If your school charges a fee for using credit but it’s fairly low, look for rewards cards that pay a rate of return high enough for the hassle to be worth it.
#3: You’re going after a huge signup bonus.
Another instance where it can make sense to charge some of your college expenses or tuition to a credit card is when you’re pursuing a big signup bonus. Since many of the top travel and rewards cards offer bonuses worth hundreds of dollars when you spend several thousand on your card within a few months, charging college tuition in these situations can be well worth it.
Let’s say you have your eye on the Chase Sapphire Preferred® Card. This card offers 50,000 points worth $625 in travel after you spend $4,000 on purchases within three months of opening your account. Imagine you attend a college where you’re charged a 2.5% fee for using a credit card. If you charged the full $4,000 to meet the minimum spending requirement on this card, you’d pay a $100 fee to your school. In return, you would receive 50,000 points worth $625 in travel, or $500 in statement credits or high value gift cards. That’s a no-brainer.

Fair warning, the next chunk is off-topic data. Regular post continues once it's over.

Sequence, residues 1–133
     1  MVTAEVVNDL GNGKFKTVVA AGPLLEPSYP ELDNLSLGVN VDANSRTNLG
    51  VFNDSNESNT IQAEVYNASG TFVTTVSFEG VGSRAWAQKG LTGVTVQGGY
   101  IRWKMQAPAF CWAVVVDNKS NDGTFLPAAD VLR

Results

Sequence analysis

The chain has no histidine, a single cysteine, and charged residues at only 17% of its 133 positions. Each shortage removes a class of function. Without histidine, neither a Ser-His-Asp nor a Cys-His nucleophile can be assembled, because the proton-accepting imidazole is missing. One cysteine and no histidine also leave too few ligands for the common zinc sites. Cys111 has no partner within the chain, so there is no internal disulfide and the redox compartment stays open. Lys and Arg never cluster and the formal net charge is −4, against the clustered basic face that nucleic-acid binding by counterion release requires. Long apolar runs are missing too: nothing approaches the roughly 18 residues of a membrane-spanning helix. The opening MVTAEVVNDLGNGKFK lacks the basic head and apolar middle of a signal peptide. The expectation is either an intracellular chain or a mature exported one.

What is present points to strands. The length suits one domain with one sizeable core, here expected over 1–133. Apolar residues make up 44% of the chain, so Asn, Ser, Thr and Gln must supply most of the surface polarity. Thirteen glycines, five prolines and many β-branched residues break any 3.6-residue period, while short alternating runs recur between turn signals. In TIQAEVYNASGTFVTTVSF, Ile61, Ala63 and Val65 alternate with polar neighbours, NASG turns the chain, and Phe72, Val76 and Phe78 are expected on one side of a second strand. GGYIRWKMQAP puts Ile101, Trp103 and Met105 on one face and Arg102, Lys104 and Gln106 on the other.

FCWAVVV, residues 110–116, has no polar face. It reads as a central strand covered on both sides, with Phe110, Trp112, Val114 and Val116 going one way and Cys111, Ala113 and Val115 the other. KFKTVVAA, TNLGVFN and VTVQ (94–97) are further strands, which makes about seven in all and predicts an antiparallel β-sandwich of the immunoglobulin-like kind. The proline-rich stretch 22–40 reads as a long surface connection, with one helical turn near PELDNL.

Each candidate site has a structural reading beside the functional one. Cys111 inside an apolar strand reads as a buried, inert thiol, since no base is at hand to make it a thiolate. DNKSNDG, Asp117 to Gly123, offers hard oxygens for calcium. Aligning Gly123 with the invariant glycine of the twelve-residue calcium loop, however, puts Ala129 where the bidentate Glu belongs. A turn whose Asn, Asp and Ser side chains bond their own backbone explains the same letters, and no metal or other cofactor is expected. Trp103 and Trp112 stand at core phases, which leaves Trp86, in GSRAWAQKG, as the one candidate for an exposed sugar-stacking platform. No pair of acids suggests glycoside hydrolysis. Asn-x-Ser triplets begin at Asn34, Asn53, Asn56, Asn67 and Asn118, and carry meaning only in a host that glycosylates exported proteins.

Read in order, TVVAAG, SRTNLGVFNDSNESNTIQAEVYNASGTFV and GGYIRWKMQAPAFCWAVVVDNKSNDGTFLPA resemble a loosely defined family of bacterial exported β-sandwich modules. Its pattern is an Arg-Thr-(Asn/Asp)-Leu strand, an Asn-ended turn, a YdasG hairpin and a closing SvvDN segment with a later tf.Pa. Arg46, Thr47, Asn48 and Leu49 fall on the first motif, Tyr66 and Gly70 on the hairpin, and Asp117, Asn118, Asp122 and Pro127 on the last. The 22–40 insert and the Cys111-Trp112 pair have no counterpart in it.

There are plenty of other travel and cash-back cards that offer huge bonuses as well, so make sure to explore options and strategize your signups to get the most out of your tuition bills.
#4: You need to meet an annual spending threshold.
In addition to signup bonuses, many cards offer additional perks if you meet an annual spending threshold.
What about the British Airways Visa Signature® Card (currently unavailable)? While this airline card offers an initial signup bonus of 50,000 Avios, you can earn an additional 25,000 Avios after you use your card for $10,000 in purchases within one year of account opening.
Whenever you have an annual spending threshold to meet, it can make sense to pay college tuition with credit to make sure you get there. Just make sure you the fee you’re paying is worth less than the benefit you’re pursuing.
#5: You want a short-term loan at 0% APR.